Thursday, July 20, 2017

Forex Trading Signal - Buy NZD/USD | The Chart Wizard | C-Matrix

The Chart Wizard Insights - Moving Averages

Using the big moving averages to trade Forex

Hi, Roy Cuzin is here. Experimenting with technical analysis is a fascinating occupation, and an exercise in education which is essential for all novice traders to undertake. Unless novice traders completely absorb and involve themselves in the process of technical analysis then quite simply, their opinion on what works and what doesn't, can't truly be evaluated.

Eventually, as novice traders move through the gears of experimentation, they'll quickly discover what works and what doesn't. Having lit up their charts like Xmas trees, with so many confusing and replicating technical indicators, they'll begin an intriguing last leg on their journey of evolution. They'll begin to strip their trading charts and time frames, back to a very simple representation of how price action can be clearly observed and displayed. And there's absolutely no requirement to be embarrassed regarding this initial baptism. Becoming an amateur, retail trading, technical analysis 'expert', should be regarded with the same prestige as obtaining a degree, before you move onto gaining your masters and then your PhD. Obtaining that first expertise in technical analysis can take as long as a standard degree course; three years.

Many technical indicators are simply replications of each other, if you consider the various indicator groups, then you'll very quickly ascertain that most oversold/overbought indicators are similar, as are (for example), the key momentum and oscillating indicators. And many of our most popular indicators use moving averages as the key components of the complete indicator. For example; the MACD, the moving average, convergence, divergence. Which is in effect a composite indicator that shows when moving averages converge and when they diverge.

Moving averages are often discarded by novice traders, the initial belief is that trading has to be complicated; it can't possibly be so simple that you take your instructions and triggers to enter and exit, based on simple graphical lines. And yet what is "price action", how do we derive our instructions and motivation to take a market decision? Isn't it because we observe the market changing, which can we perfectly visualize, by using moving averages, just as efficiently as using other more complicated indicators?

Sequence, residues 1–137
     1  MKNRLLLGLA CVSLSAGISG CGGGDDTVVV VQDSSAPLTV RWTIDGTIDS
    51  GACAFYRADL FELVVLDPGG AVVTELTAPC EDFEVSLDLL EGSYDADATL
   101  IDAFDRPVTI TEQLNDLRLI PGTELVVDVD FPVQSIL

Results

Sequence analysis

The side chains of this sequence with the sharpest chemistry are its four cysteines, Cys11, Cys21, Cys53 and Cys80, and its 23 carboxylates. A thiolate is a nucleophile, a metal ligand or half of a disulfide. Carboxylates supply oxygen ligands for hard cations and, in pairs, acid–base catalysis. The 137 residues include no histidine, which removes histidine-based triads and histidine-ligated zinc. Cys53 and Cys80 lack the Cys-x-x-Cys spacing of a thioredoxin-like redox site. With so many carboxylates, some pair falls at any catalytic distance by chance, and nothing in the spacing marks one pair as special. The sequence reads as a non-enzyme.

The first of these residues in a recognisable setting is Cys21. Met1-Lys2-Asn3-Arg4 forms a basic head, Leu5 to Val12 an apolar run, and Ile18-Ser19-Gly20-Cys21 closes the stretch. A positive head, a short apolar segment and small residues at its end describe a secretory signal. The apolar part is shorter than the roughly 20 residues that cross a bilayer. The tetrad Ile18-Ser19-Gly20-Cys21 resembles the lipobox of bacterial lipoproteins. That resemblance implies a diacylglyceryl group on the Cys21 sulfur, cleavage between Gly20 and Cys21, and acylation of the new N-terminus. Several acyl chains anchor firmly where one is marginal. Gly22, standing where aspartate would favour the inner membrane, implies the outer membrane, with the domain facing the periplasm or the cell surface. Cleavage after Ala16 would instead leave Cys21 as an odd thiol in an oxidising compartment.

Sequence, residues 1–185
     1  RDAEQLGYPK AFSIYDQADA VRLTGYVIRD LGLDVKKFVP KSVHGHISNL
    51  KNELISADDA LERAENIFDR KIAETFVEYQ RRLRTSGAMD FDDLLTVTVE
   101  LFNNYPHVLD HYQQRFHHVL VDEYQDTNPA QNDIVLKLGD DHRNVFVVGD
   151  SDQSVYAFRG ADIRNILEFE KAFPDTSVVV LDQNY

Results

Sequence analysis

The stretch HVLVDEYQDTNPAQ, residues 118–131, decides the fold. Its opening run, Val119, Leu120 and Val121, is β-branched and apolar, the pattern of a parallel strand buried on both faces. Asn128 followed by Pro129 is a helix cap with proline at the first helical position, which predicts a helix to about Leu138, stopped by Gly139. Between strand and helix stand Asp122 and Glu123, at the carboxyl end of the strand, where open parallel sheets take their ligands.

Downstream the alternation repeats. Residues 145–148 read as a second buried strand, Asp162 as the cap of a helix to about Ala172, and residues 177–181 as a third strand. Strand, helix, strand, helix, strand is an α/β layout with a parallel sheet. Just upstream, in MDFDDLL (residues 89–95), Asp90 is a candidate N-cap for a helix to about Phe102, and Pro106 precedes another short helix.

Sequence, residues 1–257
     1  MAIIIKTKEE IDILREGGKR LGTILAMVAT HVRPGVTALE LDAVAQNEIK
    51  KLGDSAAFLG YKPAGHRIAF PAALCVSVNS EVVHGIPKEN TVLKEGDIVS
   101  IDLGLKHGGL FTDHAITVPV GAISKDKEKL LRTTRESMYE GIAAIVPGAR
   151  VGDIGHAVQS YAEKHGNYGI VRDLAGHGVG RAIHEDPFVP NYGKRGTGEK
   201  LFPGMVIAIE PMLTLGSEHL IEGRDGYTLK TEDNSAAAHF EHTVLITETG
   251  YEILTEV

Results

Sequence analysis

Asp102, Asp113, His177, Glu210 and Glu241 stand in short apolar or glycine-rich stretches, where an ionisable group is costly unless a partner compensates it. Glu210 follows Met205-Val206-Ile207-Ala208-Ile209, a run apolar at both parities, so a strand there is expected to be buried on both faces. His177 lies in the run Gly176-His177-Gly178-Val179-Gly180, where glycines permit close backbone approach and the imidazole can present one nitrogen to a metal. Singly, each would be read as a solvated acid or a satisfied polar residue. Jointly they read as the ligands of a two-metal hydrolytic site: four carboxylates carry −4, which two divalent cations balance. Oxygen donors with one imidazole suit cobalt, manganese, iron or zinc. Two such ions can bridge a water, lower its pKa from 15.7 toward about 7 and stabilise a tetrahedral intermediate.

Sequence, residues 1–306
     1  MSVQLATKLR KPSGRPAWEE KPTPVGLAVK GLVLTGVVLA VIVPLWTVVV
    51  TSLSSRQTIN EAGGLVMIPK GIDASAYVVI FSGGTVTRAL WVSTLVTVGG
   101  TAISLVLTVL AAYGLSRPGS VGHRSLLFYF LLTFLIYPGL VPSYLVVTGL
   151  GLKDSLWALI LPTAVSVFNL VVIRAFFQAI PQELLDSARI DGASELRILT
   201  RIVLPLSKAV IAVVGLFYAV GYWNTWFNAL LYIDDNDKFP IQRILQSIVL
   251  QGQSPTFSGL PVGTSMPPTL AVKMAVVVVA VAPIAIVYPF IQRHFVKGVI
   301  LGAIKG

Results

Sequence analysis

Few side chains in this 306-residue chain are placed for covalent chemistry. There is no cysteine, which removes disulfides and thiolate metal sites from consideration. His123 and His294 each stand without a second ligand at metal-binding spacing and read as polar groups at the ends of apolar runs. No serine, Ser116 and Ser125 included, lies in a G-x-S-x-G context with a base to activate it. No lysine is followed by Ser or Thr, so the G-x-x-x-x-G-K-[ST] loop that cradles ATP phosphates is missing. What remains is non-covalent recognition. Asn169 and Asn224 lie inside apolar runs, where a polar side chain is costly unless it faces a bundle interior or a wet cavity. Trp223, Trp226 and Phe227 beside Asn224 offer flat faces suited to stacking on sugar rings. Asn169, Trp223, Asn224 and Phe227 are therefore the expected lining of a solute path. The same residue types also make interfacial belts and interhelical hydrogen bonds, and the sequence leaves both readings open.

Moving averages such as the 50 day, 100 day and 200 day in their simplest form (SMAs/simple moving averages) are (arguably) some of the most underrated and misunderstood indicators available. They deliver medium to long term information, on how our Forex markets are trending, often in a far better format than many other complicated indicators.

Technical Forex Traders

Many technical Forex traders will use these moving averages as aids when choosing to enter or exit a market positions, the belief is that large moving averages, such as; 100 and 200 SMAs can act as areas of support, or resistance once breached. The belief is that, for example, a breached 200 SMA will act as a significant sentiment psyche level.

Simple moving averages (SMAs) are also viewed as low risk areas to place orders. The logic is that such moving averages directly correlate to the average price all market participants have paid over a particular period of time.

For example, a 100 day moving average represents the average price that all investors have paid to obtain the asset over the past twenty trading weeks (5 trading days per week) making it a commonly referenced level. The 200-day moving average represents the average price paid for a currency pair over the past 40 weeks. This reading could suggest a relatively cheap price compared to the price paid over the past year. If the price then falls below this 200 SMA, it may be considered to be acting as resistance, because traders who have taken positions, may then consider closing such positions in order to ensure they don't suffer unnecessary losses.

Experimenting with the larger moving averages is simple. In closing, one suggestion would be to place 100 and 200 SMAs on daily time frames of the securities you intend to trade and retrospectively look for price action behavior when price reaches these larger MAs. Does price reject the levels, does price react in any way to these levels when back tested over a reasonable measure of time, perhaps a period of a year, which (when back testing using a daily time frame), is quite simple to evaluate?

The Chart Wizard

Content Original Source: FXCC - FX Central Clearing Ltd